The Body As Art
Posted on 21 May, 2012
On a balmy evening in April 2012, a performance took place in a courtyard surrounded by classical and contemporary architecture. The past and present nestled together, comfortably, in the Singapore Arts Museum which was formerly the home of a missionary school. It became the perfect setting for a piece that opened an exhibition showcasing multidisciplinary artist Lee Wen’s artistic practice over the past two decades.
The audience bore witness to “Almost Untitled: Lee Wen is Jason Lim, Jason Lim is Lee Wen”, a performance piece where the two artists interpreted and re-presented actions and objects used by each other in past performances. Midway through, Lee lifted up his shirt and pulled down his pants to reveal a scrawny body that has literally, and metaphorically, become his most powerful work.
The performance was confrontational yet inviting, contemplative yet urgent. It was a fitting start to the nearly 2-month long exhibition, with many actions echoing what the crowd would soon see in the galleries of the Singapore Art Museum.
In Lee’s works, his body has become both the medium and the message. This is most evident in his incarnation as the Yellow Man, a motif which recurs throughout the exhibition. In “Journey of a Yellow Man No. 6: History and Self”, a man sculpted in wire lies atop a wooden crate bordered by a web of spices in paper boats and metal chains. He is a shell of the Yellow Man in the photographs surrounding the central installation, commenting on the impact of migration on the search for self.
In “Splash!” the viewer is invited to walk through a narrow yellow tunnel. As he makes his way, he sees a video of Lee getting splashed with paint which is projected onto the wall at the end. The tunnel soaks the viewer in a lurid yellow glow and for a moment, he is as distinct and peculiar as Lee’s persona. Elsewhere, the Yellow Man is seen either curled up in a basin or wrestling with metal chains. He is the full-stop and parenthesis in Lee’s corporeal treatise on cultural issues and the creation of social memory.
While the installations and visual documentation on display reference past performances, they also possess an arresting aesthetic quality. Much thought has gone into ‘visualising’ the performances for the viewer. In “Anthropometry Revision”, a piece conceived in response to Yves Klein’s genre- defining Anthropometry series of performances, a series of life-sized black and white prints was produced which record Lee’s anatomy with startling accuracy and grace. Klein treated naked females as living brushes by covering them in blue paint and dragging them around a canvas. Lee took this a step further by becoming the brush himself.
In “More China Than You” the viewer is led into a room where a string of Chinese characters are emblazoned in red across white walls. The piece comments on the tussle between the individual’s search for identity and propaganda to forge a national identity. The clean simple design becomes a fitting vehicle delivering the artist’s message with compelling authority. Inadvertently, these installations have transcended their initial existence as records or products of his performances, evolving into artworks in their own right.
Holding an exhibition commemorating over two decades of artistic practice in a state-funded cultural institution adds a new layer to the discourse on Lee’s art, and performance art in Singapore. 15 years ago, it was unthinkable for a state museum to hold a retrospective of a performance artist’s work. Performance art was not funded for 10 years since the Josef Ng incident in 1997.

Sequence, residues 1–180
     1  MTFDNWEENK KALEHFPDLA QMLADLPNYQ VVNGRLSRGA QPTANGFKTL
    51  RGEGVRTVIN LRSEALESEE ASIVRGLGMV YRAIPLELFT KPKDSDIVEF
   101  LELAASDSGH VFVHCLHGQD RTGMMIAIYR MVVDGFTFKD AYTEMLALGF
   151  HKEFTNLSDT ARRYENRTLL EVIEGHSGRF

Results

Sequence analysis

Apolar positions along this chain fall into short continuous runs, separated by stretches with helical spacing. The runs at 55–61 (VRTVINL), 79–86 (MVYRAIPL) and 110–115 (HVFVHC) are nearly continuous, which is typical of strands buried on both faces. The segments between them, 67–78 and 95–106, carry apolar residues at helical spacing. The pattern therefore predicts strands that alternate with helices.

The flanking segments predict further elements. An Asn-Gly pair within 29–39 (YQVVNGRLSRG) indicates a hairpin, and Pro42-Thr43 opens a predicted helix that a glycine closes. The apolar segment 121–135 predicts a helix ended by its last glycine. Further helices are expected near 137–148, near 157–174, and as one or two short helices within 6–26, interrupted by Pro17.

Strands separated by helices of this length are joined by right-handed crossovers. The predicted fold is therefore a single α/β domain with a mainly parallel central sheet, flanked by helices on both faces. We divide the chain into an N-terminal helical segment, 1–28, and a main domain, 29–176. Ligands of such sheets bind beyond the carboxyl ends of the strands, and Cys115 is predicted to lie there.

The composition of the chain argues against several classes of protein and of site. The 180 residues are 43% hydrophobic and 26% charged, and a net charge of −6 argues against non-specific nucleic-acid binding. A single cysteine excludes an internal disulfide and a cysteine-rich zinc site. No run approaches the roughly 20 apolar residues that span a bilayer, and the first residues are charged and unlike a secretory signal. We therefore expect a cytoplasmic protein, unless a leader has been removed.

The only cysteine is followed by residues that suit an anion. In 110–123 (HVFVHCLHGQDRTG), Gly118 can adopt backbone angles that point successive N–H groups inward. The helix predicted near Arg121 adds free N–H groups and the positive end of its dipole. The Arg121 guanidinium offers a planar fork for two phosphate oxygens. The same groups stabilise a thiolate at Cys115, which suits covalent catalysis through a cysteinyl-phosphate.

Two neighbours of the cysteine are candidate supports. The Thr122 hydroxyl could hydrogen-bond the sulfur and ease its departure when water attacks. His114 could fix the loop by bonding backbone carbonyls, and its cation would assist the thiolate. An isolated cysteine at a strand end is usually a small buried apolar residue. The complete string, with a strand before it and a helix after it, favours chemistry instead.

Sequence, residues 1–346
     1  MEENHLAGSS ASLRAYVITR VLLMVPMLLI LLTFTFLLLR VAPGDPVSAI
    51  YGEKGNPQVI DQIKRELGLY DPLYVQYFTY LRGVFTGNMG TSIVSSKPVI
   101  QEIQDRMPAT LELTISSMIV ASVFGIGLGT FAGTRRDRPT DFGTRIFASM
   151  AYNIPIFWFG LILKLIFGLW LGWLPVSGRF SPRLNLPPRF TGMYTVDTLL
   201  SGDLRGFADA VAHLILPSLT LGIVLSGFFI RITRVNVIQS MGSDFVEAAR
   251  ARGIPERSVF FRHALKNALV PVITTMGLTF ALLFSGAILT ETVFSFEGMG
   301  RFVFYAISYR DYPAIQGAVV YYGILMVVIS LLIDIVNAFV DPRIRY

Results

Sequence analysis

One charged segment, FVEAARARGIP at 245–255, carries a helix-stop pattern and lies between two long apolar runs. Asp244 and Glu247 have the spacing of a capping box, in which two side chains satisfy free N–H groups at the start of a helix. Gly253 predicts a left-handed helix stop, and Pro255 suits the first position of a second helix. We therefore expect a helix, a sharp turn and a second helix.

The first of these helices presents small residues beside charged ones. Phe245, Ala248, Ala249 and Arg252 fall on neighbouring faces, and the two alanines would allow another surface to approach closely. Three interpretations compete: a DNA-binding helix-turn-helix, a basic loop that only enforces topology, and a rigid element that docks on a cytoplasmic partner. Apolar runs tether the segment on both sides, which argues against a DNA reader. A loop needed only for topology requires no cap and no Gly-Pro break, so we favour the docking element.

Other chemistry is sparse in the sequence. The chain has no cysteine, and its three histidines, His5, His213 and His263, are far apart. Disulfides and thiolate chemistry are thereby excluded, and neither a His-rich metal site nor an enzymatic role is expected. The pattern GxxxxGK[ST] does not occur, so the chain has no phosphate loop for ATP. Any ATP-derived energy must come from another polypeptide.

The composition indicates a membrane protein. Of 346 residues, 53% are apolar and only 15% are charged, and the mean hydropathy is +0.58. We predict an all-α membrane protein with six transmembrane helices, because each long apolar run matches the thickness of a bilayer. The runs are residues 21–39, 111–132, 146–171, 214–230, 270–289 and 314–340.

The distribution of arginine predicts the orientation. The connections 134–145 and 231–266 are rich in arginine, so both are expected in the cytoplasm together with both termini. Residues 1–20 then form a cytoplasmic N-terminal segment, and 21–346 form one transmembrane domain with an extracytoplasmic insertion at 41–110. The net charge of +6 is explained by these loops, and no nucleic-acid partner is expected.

Is this ironic? Perhaps, considering how there has been friction in the relationship between practitioners of the form and the state. Slowly, but eventually, performance art made its way into the
Museum, providing a safe space to contemplate the varied discourses Lee has placed his fingers on. It also offers access to a wider audience, allowing his art to permeate the consciousness of many more. Does this mean it lies no longer on the fringes, or in the margins? Does that make it any less potent?
However the fruits of Lee’s labours are constantly pushing against the confines of the space. The works prompt questions and debate. You are left yearning to be transported back to that moment when the performance took place.
A generous provision of photographs, videos, installations and visual documentation helps to re-create the pieces. Yet try as they might, they cannot be reenacted with quite the same results. This is the uncompromising reality of the genre: each performance is contingent on the moment in which it takes place. In his Yellow Man persona, Lee dons a structure of Chinese lanterns and parades along the streets of Singapore. The cluster of lanterns – somehow reminiscent of a kavadi – is suspended mid-air in a gallery with a series of photographs documenting the act lining a neighbouring wall. There is just enough for the viewer to interpret the work and the context in which it happened; but also a certain ambiguity that allows you to create new layers of meaning.
There is urgency in the messages behind Lee’s works which has not been diluted throughout the years. His art prompts its audience to reflect on our postmodern search for meaning and identity, and how systems and structures sometimes endeavour to impede this search. With this, the journey continues.
Lucid Dream in the Reverie of the Real is on at the Singapore Art Museum until 10 June.
TEXT AND PHOTOS BY LUX